In 2014, Cummings’ wife was offered a medical residency in Knoxville, where her family lives. The timing was right for Cummings’ career, too. “Louisville had like 14 breweries and four glassware studios downtown at the time, Nashville a similar situation,” he says. “So, it seemed like it was perfect on both fronts. It would be good for the business because it wasn’t complete market saturation [there] yet.”

Cummings opened a studio, gallery and his first brick-and-mortar shop in the Old City and hired more glassblowers to help him meet the relentless demand on Etsy. In 2016, he added the adjacent Beer Co., serving house-brewed craft beer, sodas and kombucha in handmade glasses.

About six months ago, he opened an onsite brewery that produces beers ranging from Pineapple Creamsicle and Ale Ale Cool J to PuppetMaster Whiskey Barrel Vaudevillian and So Tell Me More About This Futbol. Most are sold on tap, although Cummings recently launched his first limited-edition bottle and can releases for customers to take home.

On Friday and Saturday nights, patrons can order a cold one, sit in the secluded beer garden connecting the brewery and the studio and watch Cummings and his team blow glass. They can also peruse the gallery, which not only showcases Pretentious glasses, but Cummings’ more elite sculptures. Thanks to his talented, dependable crew, he is starting to do more fine art again, which, he says, is “fricking wonderful.”

“I personally have made thousands upon thousands upon thousands [of beer glasses],” he acknowledges. “It’s just not where I need to be putting my creative energy into right now.”

Nevertheless, Cummings still makes all the company’s custom and new designs as well as “exceptionally tricky” signature pieces like the Ale Glass with its graffiti-style moustache motif and the Dual, a cylindrical container with two separate chambers that meet toward the lip. Cummings calls it his “solution to a half-and-half.”

Matthew Cummings, founder and owner of Pretentious Glass & Brewing Co., shows off one of the beer glasses he has created.

-- Adam Taylor Gash | The Ledger

“I’ve seen professional bartenders mess up that drink,” he adds. “So, anyone can do it, which makes it incredibly simple. And because they’re side-by-side, you get the aroma of both at the same time, not just the one on top. It lets you mix beers that would normally never separate, and it looks beautiful.”

Because most of his sales occur during the Christmas holidays, Cummings is reticent to predict how well his company will do this year. “But,” he says, “you can definitely say we are one of the top Etsy shops in the world by revenue. … We sell out every year.”

He attributes his company’s success, at least in part, to luck and good timing. “We were just at the right place at the right time,” he says. “Etsy was getting big and the Makers Movement has been building up around us at the same time. I purposely set the Etsy shop up to be full of sound bytes, so all of the glasses have a story. So, we made it to where it was very shareable.”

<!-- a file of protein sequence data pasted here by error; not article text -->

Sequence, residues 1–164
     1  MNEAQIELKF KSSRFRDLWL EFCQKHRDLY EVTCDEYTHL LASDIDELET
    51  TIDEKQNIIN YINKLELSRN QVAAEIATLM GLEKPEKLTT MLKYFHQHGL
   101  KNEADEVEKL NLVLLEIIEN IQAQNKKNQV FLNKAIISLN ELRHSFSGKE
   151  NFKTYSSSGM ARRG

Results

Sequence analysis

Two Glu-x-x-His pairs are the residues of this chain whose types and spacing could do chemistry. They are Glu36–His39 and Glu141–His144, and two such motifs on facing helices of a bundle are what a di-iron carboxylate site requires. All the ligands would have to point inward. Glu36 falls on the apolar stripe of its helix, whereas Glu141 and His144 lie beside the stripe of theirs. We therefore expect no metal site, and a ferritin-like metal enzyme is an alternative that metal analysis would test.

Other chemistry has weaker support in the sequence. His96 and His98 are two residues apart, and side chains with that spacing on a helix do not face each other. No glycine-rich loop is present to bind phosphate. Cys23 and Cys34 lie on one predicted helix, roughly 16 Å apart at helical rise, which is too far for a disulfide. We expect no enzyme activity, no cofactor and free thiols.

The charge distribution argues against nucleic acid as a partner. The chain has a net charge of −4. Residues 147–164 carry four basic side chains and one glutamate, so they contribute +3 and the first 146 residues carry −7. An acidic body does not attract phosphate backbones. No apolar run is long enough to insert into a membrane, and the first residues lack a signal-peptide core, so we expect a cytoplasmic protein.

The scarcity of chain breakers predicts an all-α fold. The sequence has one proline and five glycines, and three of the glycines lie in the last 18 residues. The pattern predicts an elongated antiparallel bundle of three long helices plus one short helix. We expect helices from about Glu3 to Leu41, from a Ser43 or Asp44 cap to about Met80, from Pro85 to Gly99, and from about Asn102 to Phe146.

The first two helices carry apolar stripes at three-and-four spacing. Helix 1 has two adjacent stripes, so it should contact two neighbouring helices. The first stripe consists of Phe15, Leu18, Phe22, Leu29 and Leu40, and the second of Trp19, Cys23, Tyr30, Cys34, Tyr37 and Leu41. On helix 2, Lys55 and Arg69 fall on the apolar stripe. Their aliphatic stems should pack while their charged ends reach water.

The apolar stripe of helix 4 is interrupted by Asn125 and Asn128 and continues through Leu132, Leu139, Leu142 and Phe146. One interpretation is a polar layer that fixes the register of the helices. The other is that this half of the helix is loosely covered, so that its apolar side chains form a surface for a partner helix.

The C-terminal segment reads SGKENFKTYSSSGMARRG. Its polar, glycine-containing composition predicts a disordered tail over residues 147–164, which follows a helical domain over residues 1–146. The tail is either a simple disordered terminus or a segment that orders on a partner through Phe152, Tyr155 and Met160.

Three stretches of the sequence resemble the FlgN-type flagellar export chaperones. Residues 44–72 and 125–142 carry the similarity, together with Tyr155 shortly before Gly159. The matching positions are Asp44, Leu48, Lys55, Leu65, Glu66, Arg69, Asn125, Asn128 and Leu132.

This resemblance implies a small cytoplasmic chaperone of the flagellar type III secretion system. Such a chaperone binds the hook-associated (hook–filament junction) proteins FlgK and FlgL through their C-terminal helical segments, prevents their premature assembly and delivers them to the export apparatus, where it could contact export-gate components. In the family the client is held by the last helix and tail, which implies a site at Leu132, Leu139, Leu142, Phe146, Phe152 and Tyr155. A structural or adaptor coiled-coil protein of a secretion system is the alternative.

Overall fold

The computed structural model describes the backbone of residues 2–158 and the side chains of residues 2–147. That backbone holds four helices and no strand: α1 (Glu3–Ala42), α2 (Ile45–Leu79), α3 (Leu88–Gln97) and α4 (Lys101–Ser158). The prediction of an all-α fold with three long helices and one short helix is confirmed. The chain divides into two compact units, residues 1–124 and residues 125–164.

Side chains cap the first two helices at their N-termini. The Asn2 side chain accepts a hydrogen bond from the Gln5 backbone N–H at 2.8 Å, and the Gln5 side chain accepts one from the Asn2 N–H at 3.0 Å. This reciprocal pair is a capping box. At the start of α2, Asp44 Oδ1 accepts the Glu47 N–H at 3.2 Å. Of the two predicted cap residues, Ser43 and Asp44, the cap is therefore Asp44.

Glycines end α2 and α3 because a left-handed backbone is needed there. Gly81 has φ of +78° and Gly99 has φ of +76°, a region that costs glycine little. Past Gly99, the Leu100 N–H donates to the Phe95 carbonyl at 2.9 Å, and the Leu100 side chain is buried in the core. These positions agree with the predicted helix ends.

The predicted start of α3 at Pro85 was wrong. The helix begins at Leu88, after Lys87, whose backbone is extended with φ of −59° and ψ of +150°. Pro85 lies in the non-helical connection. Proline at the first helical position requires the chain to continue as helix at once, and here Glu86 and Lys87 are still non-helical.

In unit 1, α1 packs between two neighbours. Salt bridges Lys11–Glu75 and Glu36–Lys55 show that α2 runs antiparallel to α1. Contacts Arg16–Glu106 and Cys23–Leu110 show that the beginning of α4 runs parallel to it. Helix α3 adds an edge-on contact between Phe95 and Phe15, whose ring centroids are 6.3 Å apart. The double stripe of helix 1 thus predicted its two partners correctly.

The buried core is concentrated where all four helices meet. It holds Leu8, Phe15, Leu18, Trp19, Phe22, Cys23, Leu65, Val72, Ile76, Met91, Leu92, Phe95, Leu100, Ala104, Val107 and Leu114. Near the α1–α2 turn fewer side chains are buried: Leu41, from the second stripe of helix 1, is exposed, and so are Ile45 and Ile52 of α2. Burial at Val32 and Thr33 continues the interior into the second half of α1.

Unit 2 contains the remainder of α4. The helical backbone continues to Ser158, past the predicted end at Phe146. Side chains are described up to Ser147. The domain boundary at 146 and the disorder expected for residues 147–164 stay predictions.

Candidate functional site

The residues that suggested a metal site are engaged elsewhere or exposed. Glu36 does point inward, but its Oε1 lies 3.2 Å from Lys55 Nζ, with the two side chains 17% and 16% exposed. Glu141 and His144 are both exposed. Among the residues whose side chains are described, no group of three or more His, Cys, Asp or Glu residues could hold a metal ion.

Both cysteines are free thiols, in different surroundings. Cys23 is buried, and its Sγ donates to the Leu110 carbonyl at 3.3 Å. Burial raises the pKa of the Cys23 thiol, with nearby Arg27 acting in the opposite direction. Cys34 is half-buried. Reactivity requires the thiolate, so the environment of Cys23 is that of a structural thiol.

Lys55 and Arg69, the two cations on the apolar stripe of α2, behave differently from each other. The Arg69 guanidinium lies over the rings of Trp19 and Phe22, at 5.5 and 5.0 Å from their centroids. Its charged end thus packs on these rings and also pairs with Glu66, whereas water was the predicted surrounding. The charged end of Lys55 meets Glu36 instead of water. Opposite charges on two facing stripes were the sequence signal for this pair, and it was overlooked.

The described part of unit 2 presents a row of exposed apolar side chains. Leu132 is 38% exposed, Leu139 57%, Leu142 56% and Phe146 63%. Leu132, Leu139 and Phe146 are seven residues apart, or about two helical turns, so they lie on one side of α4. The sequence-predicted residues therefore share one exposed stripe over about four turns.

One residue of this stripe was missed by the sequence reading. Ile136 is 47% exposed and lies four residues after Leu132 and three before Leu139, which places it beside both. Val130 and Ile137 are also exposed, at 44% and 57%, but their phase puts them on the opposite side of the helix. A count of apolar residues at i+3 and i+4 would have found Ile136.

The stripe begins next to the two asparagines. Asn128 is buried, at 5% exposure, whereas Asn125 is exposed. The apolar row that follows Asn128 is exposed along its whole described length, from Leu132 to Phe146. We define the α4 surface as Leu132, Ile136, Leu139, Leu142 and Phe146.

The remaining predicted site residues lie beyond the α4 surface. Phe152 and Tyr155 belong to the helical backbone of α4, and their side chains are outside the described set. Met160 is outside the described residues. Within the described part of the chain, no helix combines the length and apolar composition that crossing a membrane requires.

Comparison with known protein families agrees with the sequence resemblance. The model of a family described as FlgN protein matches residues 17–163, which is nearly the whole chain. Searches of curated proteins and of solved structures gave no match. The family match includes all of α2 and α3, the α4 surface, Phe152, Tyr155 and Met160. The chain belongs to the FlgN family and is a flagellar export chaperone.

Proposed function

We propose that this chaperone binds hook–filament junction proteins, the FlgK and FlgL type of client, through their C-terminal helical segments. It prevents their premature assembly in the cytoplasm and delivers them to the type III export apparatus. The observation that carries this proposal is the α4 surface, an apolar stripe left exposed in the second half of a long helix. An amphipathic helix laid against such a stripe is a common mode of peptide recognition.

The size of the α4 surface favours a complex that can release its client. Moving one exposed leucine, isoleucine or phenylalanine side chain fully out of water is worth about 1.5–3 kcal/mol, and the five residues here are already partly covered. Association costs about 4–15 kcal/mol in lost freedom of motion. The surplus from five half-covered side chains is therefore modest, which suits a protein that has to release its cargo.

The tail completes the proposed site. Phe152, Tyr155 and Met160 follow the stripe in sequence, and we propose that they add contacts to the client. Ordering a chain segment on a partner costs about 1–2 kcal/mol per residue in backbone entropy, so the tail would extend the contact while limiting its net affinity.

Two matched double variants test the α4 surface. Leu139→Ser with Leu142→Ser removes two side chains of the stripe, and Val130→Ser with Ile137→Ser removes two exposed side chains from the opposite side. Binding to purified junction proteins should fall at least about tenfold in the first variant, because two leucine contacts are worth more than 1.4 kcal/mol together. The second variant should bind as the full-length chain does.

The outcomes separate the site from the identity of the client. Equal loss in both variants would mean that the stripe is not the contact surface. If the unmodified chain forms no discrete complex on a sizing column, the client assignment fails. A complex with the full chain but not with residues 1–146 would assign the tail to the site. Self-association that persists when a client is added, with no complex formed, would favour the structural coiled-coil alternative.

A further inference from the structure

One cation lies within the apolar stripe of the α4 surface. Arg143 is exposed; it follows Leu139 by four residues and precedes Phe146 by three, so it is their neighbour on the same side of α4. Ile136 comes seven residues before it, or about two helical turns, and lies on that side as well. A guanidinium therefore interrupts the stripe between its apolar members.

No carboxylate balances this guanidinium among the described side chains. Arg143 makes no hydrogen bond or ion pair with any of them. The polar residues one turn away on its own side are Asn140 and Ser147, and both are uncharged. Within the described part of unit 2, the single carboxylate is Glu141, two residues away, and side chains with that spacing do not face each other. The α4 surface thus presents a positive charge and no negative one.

Although the Pretentious storefront is a big tourist draw – “There really isn’t anybody that does this like this in the world,” Cummings says – regular locals often check in for new designs and buy multiple gifts for friends.

“The support we’ve gotten from Knoxville has been tremendous, and way bigger than I would have ever thought possible,” he adds. “Nobody that works for me is in this to make a bunch of money. We’re in this because this is what we want to do. This is what we’re passionate about. When you buy something from us, you’re doing more than just buying a glass. You’re paying us to continue doing what we love.”

A sock fanatic – Cummings collects fancy footwear adorned with everything from beer and whiskey glasses to unicorns and narwhals, a species of arctic, tusked whale – he describes himself as “focused, stubborn and obsessive about completing things, thoroughly and in the best possible way.

“You’ve got to be a bit stubborn, because I was blowing glass for like 11 years before I started the beer glass company,” he adds. “It is very difficult to be a full-time artist, and I tried a million different things to try to find something that would give me a little bit of a cushion and not be so paycheck-to-paycheck. … In hindsight, it looks like this beautiful, simple thing happened, but there were so many complete failures before that, and the stubbornness of not giving up for over a decade, I think, is a big part of the mindset.”

“He is an artist through and through,” says Zack Roskop, owner of Knox Brew Tours, who met Cummings at a pop-up Christmas sale. Roskop introduced himself, offered to help fold boxes, and the two became fast friends.

“Everything he does professionally and personally is with style, intention and expression – his fashion, his beer, his social media, all of it,” Roskop adds. “He doesn’t half-ass anything.”

Cummings recently purchased a mobile glassblowing furnace, with plans to demonstrate his craft on the road, and is working on a large order for Blackberry Farm. He is also perfecting his photography (he takes all of his own Etsy product shots) in an effort to up his social media game.

“My hobbies always have a point,” he notes. “I’m not the kind of person that does things that are frivolous or that don’t have an end goal. … But honestly, if something magical happened and I did not have to work ever again, and I could choose what I filled my day with, I would blow glass and I would make beer.”